Two years after he fled to London, Maxim Bakiyev faces court battle
When his father was in power he was known as "The Prince" and was widely believed to be the richest man in the former Soviet state of Kyrgyzstan. He rarely left his mansion without a retinue of bodyguards and was often spotted hurtling through Bishkek followed closely by armoured SUVs.
Yesterday Maxim Bakiyev sat in the dock at Westminster magistrates' court. The 34-year-old son of fallen strongman Kurmanbek Bakiyev appeared for the first hearing of what is likely to become a lengthy extradition battle.
Prosecutors in the United States allege that the Kyrgyz businessman was involved in a complex insider trading scheme that netted millions of pounds on the New York Stock Exchange in September last year. An affidavit from an FBI special agent, which has been seen by The Independent, states that one of Mr Bakiyev's former business colleagues has "agreed to co-operate with the US government" and provide details on the alleged scheme.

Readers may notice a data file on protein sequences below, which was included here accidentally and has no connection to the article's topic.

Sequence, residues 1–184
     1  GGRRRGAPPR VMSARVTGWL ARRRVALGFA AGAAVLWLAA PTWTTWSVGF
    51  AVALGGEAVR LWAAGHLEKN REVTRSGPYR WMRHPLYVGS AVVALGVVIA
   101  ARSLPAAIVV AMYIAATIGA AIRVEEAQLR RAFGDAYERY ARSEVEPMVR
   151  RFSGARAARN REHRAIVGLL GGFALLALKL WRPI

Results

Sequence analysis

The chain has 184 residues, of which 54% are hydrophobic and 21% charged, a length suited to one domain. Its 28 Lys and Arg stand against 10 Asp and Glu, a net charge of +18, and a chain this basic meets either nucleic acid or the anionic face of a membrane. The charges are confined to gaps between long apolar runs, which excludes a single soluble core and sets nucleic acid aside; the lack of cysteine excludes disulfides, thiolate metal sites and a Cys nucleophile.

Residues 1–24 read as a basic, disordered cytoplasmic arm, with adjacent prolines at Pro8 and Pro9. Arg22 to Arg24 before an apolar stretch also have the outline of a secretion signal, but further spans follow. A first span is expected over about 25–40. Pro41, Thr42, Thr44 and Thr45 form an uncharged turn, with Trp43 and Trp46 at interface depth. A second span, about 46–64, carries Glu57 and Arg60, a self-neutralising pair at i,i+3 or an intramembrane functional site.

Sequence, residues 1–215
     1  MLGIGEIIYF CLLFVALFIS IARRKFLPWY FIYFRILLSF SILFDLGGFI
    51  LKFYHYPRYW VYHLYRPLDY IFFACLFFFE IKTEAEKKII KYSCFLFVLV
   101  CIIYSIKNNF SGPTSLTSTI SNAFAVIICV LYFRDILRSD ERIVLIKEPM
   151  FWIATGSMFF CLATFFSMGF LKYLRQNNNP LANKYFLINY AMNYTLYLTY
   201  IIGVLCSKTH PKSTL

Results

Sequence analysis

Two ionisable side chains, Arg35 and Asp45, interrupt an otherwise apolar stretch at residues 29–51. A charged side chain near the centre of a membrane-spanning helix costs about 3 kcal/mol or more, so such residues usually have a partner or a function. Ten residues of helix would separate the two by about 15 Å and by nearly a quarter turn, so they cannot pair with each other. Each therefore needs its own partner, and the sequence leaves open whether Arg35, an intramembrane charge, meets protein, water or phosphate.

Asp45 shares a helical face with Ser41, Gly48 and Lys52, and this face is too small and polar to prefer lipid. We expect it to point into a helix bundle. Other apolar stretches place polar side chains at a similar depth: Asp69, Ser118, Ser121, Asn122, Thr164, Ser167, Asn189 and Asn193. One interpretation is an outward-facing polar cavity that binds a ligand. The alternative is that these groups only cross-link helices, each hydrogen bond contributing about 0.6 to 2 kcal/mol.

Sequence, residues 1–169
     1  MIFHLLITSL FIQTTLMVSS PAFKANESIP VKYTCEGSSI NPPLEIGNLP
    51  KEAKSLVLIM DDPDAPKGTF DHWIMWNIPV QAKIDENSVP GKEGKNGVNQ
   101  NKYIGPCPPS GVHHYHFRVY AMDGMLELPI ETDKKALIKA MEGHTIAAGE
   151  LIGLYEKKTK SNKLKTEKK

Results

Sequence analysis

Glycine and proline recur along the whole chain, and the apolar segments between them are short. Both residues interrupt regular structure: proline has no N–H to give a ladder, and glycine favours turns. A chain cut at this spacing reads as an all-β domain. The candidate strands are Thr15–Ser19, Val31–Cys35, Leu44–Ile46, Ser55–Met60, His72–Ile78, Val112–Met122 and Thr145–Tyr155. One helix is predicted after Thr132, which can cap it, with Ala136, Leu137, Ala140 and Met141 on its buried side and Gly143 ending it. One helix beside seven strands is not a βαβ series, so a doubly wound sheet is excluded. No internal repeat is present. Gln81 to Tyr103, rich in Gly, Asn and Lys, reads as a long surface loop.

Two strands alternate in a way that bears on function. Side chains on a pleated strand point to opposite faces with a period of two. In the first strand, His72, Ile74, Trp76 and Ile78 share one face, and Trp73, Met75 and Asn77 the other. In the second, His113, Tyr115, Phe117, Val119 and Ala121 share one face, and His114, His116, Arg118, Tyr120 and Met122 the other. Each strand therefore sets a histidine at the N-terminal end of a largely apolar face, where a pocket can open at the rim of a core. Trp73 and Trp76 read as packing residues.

Mr Bakiyev denies the claims and has vowed to fight any attempt to extradite him to the US. But the American extradition request is just one of the accusations that has dogged the businessman since he fled his homeland in a private jet, landed at Farnborough airport and tried to claim asylum.
In the spring of 2010, popular resentment against the increasingly despotic regime of Kurmanbek Bakiyev spilled over into street protests that led to the deaths of hundreds of demonstrators and eventually succeeded in forcing the leader out of office.
Mr Bakiyev senior had come to power five years earlier in a popular revolt. Ordinary Kyrgyz, who live in one of Central Asia's most impoverished countries where average annual household incomes still languish around 1,500, had hoped the revolution would herald a new era of prosperity and freedom. Instead, the new regime became increasingly authoritarian, corrupt and nepotistic. …